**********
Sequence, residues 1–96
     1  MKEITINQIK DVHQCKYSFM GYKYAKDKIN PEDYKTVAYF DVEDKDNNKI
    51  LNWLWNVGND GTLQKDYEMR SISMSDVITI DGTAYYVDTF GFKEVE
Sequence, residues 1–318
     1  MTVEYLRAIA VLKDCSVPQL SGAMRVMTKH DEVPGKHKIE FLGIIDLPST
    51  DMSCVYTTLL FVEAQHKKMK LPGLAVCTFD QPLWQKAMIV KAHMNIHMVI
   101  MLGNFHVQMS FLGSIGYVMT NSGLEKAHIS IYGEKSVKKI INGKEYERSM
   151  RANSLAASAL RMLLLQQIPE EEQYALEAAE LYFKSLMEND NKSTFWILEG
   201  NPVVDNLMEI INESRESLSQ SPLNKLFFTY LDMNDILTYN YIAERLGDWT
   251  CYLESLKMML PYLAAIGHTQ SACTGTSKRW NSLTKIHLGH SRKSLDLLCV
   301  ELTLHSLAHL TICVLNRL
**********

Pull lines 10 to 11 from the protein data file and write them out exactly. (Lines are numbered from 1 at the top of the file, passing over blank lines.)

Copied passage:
   251  CYLESLKMML PYLAAIGHTQ SACTGTSKRW NSLTKIHLGH SRKSLDLLCV
   301  ELTLHSLAHL TICVLNRL